The city’s airport expansion project is at a standstill as officials wait to hear if funds will be secured through the federal government’s New Building Canada Fund.
City council voted to officially support the project — a requirement recently added by the province — at Monday night’s council meeting.
"The province has reviewed it and one of the requests that they’ve given is to have a council resolution in support of the project," said Tim Sanderson, director of transportation services. "It hasn’t slowed down the application process or anything because I don’t think it could possibly go any slower."
The city submitted its application nearly three months ago through the province, as it is Premier Greg Selinger who will need to raise this project as a priority to the federal government.
The federal government’s $14-billion New Building Canada Fund began taking applications on March 31. Brandon hopes to tap into the $10-billion provincial-territorial infrastructure component, which includes $1 billion set aside in the Small Communities Fund for local projects in communities with fewer than 100,000 residents.
"I think for them it’s more just an added level of security that we’re committed to it," Sanderson said of the city’s resolution, adding the original application included a letter from the treasurer saying the project is already in the financial plan.
The major $8.8-million overhaul would see the McGill Field airport terminal building expanded to three times its current size, in order to better accommodate daily air service currently provided by WestJet and potentially attract service growth.
Included in the plans are a dedicated check-in area, spacious boarding lounge, additional space for security screening, separate arrivals area, new baggage carousel and improved network connectivity via fibre optic installation.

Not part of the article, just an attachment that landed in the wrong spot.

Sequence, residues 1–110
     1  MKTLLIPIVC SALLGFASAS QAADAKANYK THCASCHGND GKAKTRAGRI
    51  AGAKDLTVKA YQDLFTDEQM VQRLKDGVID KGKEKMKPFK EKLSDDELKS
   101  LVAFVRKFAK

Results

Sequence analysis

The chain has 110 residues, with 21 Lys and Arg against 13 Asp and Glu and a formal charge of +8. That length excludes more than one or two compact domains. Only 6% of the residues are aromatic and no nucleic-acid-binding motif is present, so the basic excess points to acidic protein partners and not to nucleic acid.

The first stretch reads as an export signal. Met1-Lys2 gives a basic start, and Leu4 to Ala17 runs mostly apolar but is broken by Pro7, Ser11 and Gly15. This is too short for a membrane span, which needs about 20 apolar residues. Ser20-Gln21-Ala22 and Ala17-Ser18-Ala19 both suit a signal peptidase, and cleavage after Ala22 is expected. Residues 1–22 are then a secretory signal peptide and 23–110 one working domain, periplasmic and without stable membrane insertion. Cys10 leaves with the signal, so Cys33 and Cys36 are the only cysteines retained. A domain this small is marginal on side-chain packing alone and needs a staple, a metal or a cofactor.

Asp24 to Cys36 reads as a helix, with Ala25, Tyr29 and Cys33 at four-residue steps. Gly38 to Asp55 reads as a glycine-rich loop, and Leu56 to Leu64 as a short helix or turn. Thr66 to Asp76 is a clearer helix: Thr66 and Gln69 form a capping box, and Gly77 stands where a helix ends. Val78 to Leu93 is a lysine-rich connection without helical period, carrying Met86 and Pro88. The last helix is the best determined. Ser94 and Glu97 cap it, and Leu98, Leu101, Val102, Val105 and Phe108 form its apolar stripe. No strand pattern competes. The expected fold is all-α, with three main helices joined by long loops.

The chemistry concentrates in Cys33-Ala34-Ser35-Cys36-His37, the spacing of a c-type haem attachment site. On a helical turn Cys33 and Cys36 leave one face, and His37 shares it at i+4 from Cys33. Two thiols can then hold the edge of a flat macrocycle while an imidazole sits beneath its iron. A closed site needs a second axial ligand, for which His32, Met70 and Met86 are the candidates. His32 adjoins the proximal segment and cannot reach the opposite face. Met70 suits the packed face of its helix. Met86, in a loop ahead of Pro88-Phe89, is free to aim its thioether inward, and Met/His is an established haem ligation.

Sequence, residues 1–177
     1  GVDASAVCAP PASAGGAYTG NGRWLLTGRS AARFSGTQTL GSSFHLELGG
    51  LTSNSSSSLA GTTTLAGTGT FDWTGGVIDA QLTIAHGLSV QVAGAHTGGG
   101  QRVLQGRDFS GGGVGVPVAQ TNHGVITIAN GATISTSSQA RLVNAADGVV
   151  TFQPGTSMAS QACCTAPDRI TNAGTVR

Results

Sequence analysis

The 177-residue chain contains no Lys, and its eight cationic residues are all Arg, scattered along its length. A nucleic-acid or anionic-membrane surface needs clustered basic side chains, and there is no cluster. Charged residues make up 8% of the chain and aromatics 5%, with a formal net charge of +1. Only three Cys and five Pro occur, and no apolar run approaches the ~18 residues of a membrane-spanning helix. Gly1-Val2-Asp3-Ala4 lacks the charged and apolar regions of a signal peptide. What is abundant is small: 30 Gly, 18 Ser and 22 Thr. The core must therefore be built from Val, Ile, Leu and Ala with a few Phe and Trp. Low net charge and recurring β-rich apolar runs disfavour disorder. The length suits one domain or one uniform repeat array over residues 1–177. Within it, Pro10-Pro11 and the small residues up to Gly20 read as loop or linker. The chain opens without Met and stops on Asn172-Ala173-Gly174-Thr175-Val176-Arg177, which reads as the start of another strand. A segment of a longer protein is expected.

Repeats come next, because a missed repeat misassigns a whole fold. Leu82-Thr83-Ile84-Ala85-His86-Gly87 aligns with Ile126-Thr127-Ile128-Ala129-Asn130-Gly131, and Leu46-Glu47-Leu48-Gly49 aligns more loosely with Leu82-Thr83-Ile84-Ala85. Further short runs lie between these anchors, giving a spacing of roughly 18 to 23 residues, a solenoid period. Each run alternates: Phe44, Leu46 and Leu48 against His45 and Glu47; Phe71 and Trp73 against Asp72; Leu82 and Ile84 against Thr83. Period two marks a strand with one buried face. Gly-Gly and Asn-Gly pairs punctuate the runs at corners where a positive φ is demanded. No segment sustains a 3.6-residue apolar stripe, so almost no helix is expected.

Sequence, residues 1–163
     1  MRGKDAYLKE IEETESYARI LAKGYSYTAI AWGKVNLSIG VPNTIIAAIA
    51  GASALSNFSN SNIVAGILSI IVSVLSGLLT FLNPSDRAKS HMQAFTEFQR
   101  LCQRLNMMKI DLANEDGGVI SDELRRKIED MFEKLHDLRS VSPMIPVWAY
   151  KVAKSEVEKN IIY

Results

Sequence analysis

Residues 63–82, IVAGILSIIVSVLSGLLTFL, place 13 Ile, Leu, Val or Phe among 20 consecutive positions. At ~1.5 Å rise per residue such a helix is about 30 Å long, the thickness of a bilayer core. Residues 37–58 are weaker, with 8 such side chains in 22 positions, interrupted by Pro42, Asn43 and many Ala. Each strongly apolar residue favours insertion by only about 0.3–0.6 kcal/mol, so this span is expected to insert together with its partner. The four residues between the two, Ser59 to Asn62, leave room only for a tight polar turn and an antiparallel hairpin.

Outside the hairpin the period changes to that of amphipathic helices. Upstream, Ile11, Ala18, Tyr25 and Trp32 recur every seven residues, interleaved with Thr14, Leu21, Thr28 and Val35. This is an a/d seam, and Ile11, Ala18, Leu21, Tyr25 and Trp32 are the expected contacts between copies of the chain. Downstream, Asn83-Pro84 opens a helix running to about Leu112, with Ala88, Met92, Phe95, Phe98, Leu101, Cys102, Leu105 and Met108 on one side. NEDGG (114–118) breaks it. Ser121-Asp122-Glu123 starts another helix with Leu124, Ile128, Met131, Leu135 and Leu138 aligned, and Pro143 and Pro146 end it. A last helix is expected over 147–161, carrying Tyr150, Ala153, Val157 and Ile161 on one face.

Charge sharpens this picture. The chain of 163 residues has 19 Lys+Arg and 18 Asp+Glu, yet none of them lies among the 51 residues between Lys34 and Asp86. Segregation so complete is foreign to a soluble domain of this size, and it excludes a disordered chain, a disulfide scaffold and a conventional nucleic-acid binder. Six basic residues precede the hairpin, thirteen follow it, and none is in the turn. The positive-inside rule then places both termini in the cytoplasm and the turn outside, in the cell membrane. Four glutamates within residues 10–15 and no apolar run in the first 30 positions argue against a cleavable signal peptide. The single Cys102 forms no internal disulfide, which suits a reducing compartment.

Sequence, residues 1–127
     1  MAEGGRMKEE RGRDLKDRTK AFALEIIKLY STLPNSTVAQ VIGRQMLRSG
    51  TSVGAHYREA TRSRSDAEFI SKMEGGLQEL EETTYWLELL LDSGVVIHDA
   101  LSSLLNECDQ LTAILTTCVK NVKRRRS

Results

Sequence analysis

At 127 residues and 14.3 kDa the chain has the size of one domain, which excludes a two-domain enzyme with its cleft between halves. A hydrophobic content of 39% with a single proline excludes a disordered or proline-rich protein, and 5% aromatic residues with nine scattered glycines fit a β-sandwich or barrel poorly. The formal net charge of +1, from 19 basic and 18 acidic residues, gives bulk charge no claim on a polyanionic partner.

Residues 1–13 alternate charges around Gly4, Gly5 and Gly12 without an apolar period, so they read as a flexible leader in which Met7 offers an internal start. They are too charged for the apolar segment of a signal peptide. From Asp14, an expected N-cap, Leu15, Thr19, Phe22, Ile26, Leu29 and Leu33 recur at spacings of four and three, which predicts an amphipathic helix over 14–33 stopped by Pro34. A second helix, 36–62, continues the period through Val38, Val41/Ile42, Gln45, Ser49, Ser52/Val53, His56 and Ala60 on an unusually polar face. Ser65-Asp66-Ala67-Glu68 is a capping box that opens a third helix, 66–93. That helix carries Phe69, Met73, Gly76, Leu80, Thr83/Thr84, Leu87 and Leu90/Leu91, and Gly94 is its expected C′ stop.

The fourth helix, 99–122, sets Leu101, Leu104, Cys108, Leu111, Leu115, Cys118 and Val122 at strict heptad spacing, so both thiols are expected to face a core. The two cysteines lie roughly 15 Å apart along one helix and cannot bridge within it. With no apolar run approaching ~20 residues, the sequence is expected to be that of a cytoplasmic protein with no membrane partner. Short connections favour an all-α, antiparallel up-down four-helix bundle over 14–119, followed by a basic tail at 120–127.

"The redevelopment will allow for a substantial increase in efficiency, amenities and comfort, especially in the event of delays," Sanderson wrote in his report.
The current space is confined, lacks adequate washroom facilities and offers seating for a maximum of 64 passengers, far below the 78 maximum seating capacity of the WestJet aircraft.
Sanderson provided an estimated financial breakdown of the project over a three-year period, if the funding is approved.
The proposed project would be split three ways — the federal government providing $2.9 million, the province $2.9 million and the city $2.98 million.
All three sources would each provide roughly $492,000 the first year and $2.17 million the second year. The city would provide roughly $316,000 in year three, while the province and federal government would each provide $241,000.
Sanderson said they are at a standstill now, waiting for an OK to get started.
"At this point in time, any dollars that we were to spend further on this project would not be covered under the project," he said.
While the city was hopeful to get started this summer or fall, it’s looking like that goal might be slipping out of reach.
"We’ve got a number of steps that we need to do before construction actually starts," he said. "The big thing is we have to actually get all the engineered drawings done and all those sorts of technical things in order to put together the bid package, which is going to take a couple months."
Work could be done during the winter, but that’s dependent on the funding plan.
Sanderson expects the construction to take between 14 months to two years, depending on how the plans end up looking.
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